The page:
ISSN 0361-7688, Programming and Computer Software, 2018, Vol. 44, No. 3, pp. 159–169. © Pleiades Publishing, Ltd., 2018.
Original Russian Text © S.A. Zelenova, S.V. Zelenov, 2018, published in Programmirovanie, 2018, Vol. 44, No. 3.
for Strictly Periodic Tasks in RTOS
S. A. Zelenova
* and S. V. Zelenov
Ivannikov Institute for System Programming, Russian Academy of Sciences,
Moscow, 109004 Russia
National Research University Higher School of Economics,
Moscow, 101000 Russia
Received November 28, 2017
Abstract—A new look at the problem of constructing a scheduler in the case of a group of strictly periodic
tasks is proposed. The structure of the system of periods is represented in terms of graph theory. A criterion
for the existence of a conflict-free schedule based on this representation is obtained, and generic schemes of
algorithms for constructing such a schedule are described. The proposed approach is illustrated by building
schedules for a number of strictly periodic tasks.
We consider hard real-time systems in which strict
requirements for the validity of data
and reactivity of
are imposed, and the failure to satisfy
these requirements has catastrophic consequences.
Examples of such systems are automotive electronics,
avionics, mobile robotics, telecommunication, etc.
In such systems, the tasks of processing constantly
changing information about the environment are
strictly periodic, i.e., each task must be started in equal
intervals of time. Typical examples of strictly periodic
tasks is processing of sensor readings, control of actu-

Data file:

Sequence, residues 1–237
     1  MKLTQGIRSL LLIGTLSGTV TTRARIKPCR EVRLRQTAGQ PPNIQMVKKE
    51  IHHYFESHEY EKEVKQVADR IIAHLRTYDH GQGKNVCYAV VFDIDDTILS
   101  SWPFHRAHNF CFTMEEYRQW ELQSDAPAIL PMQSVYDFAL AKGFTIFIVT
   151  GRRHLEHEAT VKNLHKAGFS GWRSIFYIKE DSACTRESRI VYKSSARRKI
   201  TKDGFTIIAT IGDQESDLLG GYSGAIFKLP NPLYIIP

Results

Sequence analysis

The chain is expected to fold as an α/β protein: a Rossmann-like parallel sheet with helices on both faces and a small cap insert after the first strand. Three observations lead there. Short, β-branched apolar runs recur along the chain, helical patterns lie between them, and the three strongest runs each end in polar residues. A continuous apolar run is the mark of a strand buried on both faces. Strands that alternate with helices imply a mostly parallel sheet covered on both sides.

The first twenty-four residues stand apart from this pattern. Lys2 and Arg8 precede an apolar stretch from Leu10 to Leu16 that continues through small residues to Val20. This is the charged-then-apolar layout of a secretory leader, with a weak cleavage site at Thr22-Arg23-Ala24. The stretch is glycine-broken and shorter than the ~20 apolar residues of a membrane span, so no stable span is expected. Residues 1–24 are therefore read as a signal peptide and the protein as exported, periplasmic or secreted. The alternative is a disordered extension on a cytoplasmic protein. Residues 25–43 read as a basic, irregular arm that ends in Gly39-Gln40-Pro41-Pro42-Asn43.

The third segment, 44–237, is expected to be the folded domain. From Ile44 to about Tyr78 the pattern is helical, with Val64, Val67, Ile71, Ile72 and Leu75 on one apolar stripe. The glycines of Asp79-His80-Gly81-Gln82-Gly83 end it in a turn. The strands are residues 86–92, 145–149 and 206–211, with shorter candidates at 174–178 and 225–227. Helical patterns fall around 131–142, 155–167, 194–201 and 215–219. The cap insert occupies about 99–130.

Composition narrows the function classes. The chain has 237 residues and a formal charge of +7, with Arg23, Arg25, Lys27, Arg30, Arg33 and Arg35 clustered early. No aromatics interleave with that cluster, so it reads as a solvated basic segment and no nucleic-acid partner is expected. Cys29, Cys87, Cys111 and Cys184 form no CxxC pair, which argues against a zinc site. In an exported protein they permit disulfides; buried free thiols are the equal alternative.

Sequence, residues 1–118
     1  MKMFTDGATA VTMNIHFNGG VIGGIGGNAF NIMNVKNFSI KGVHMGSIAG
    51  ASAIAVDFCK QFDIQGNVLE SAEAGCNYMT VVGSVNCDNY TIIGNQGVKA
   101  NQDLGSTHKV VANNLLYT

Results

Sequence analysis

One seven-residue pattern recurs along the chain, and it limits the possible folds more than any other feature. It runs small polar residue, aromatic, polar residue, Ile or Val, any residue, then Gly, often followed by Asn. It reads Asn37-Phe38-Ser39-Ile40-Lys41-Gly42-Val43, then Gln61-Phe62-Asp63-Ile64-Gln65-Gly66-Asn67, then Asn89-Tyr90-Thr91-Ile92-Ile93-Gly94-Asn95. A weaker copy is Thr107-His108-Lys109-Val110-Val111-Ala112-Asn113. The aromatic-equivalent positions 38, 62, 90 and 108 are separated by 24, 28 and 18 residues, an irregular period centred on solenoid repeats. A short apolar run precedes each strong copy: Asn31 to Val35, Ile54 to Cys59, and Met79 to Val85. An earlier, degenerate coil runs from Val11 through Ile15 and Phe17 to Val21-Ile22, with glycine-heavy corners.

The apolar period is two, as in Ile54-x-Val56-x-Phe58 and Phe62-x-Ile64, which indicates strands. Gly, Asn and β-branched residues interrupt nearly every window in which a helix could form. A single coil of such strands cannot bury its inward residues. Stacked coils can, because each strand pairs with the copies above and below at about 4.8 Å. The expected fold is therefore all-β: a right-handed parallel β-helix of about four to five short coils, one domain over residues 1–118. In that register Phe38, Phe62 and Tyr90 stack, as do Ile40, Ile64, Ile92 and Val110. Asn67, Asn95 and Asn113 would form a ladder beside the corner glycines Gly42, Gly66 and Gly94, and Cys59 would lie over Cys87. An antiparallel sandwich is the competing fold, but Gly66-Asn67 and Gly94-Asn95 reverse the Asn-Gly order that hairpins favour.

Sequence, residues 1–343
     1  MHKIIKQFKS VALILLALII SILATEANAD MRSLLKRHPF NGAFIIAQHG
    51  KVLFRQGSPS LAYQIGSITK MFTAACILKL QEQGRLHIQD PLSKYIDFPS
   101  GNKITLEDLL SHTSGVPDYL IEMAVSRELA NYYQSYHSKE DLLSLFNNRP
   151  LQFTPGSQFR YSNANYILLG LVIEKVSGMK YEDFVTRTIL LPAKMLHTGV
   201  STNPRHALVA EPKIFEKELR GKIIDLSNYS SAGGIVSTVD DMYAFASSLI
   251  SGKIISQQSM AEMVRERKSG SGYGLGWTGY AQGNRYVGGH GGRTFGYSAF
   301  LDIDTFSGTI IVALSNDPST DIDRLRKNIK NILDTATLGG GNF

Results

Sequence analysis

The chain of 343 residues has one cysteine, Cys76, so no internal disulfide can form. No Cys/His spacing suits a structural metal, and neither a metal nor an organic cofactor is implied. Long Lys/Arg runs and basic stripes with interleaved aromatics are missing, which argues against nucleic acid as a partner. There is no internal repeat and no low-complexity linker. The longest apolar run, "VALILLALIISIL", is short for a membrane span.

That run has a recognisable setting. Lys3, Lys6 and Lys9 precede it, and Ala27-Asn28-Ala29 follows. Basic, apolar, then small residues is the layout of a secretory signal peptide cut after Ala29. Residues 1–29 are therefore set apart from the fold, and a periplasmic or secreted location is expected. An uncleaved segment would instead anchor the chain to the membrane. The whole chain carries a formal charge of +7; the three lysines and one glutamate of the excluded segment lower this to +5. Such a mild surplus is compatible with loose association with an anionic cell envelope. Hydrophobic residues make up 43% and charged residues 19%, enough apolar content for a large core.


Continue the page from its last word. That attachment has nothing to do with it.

ators, and execution of feedback control functions
Strictly periodic tasks are specified by two parame-
• period, which is the time between two adjacent
task start times;
• task execution time is the time needed to com-
plete the task within one period.
The performance of modern processors allows for
the simultaneous execution of several tasks on the
same computer unit. Hence, a problem in designing
real-time operating systems (RTOS) is the develop-
ment of schedulers that can efficiently distribute pro-
cessor time between tasks.
From the viewpoint of the strategy of distributing
execution within a period, strictly periodic tasks can
be divided into two types:
• non-preemptive tasks, in which case a task is
assigned a single window within each period in the
schedule equal to its execution time;
• preemptive tasks, in which case a task may be
interrupted if another task must be started.
Scheduling in RTOSs can be static
In this paper, we discuss static scheduling of strictly
periodic preemptive tasks. Probably, the proposed
methods can also be of interest for dynamic schedul-
We now give a more detailed description of the
problem solved in this paper.
In contrast to the classical case (in which periodic-
ity is not strict [1, 2]), scheduling of a set of strictly
periodic tasks is divided into two phases:
• selection of initial starting points for all tasks;
• distribution of the remaining free time between
tasks in such a way that each task gets a sufficient num-
ber of time intervals (summing up to its execution
time) in each its period.
That is, the data taken at the input must be periodically updated
(typically, at a high rate).
Reactivity of a system is its ability to response to input data in
prescribed (often very short) intervals of time.
That is, data processing and control functions.
Static scheduling is to build a task execution schedule before
running the system.
Dynamic scheduling assumes that decisions are made in real
time in the course of the system operation.